Verizon Bosses walk away from table: Unions unite with Occupy Wall Street

Posted on October 14th, 2011

It’s October, the apples are ripe on the trees and the time is ripe to throw wood on the fire of class struggle.  The country’s ablaze with working people who are scorching mad about the corporate class’ s burning desire to squeeze every last dime out of our pockets.  OccupyWallStreet has, with the support of union people, defended its ground against Lil’ Mike Bloomberg’s attempt to “clean” them out of Liberty Square.

Every revolutions needs union nurses

The greedy scumbags who run Verizon continue to insist that union workers at Verizon accept slave conditions forced upon other employees at the company.  They call it reasonable.  We call it bullshit! The telecom behemoth has raked in billion$ in profits and paid no federal taxes last year. We won’t go back!

Unions on the move

After union leaders ridiculed the company’s counter proposal at the bargaining table on Thursday October 13, the company has walked away from the table.  Union leaders from CWA and IBEW are calling for a week of mobilization and unrest next week that will culminate with a joint protest with the #OccupyWallStreet folks next Friday.

The unions blew their chance for a general strike by supporting recall petitions for Wisconsin politicians.  That strategy failed.  Now we have another chance. We can shut down the whole damn country and bring Verizon and the 1% to their knees.

Do the union leaders have the courage?  Do the workers have the heart?  Because we sure as hell have the opportunity.  Which side are you on?

Mike Bloomberg, half pint piece of shit!

Posted on October 13th, 2011

I always knew that Mike Bloomberg was a half pint piece of shit, but his promise to throw #ocupywallstreet out of Liberty Square so the park can be “cleaned” is the epitome  of ruling class gall.  The place is probably cleaner than Lil’ Mike’s skivvies.  Here’s a picture of Mike at the Bloodsucking Bosses Ball.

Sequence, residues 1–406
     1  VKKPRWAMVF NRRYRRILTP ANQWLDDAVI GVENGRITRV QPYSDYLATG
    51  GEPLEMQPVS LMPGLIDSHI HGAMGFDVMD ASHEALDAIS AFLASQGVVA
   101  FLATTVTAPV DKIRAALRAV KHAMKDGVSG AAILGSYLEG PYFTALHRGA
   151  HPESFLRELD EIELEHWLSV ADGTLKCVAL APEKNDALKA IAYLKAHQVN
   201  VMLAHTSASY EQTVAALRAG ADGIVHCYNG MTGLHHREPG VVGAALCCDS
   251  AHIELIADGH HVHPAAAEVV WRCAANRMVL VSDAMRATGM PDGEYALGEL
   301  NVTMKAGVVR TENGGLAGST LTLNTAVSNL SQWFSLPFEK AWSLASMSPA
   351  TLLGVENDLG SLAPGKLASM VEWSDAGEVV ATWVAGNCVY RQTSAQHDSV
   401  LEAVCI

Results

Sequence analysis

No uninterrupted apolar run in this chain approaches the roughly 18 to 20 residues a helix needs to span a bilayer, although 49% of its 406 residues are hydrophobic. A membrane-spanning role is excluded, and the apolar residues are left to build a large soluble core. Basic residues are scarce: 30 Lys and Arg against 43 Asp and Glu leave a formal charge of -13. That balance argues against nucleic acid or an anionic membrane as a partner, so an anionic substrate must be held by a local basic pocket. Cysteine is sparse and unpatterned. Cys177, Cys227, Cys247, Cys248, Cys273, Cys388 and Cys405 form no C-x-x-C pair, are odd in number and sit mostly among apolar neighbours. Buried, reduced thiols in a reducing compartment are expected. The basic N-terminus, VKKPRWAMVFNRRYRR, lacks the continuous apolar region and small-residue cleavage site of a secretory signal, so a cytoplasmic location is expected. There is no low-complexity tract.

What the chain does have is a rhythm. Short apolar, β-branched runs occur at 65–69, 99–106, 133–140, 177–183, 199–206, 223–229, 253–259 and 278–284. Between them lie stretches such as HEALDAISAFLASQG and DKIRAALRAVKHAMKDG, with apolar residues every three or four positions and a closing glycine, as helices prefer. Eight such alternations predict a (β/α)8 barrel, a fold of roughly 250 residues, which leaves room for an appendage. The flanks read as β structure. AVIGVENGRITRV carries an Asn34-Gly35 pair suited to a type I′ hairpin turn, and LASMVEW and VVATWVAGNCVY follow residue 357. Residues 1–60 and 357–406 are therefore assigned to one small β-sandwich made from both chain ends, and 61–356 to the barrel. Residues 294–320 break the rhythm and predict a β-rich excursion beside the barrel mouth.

"It's all good," says Mike

I AM NOT MOVING – Short Film – Occupy Wall Street

Posted on October 13th, 2011

Politicians are unscrupulous.  Watch this video to see just how bad Obama and Hillary Clinton are.

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Next Low-Wage Haven: USA

Posted on October 8th, 2011

Good things come to those who wait.  You’ve heard that saying right?  Well since so many of us working folks have been asleep for so many years  while our wages have been sinking and benefits have been stolen away by bosses, Wall Street, health insurance bandits soon all those jobs that have disappeared may find their way back.  If wages keep going down in the US the workers here will be competing with workers in China.  Check out this Labor Notes article by Jane Slaughter

Jokes about the U.S. becoming “Europe’s Mexico” are commonplace, but now high-priced consultants are pushing the notion in all seriousness.

They’re predicting that within five years certain Southern U.S. states will be among the cheapest manufacturing locations in the developed world—and competitive with China.

For years advisers like the Boston Consulting Group got paid big bucks to tell their clients to produce in China. Now, they say, rising wages there, fueled by worker unrest, and low wages in Mississippi, Alabama, and South Carolina mean that soon it won’t be worth the hassle of locating overseas.  Read the rest

Union Workers occupy VZW store Roosevelt, Minn.

Posted on October 3rd, 2011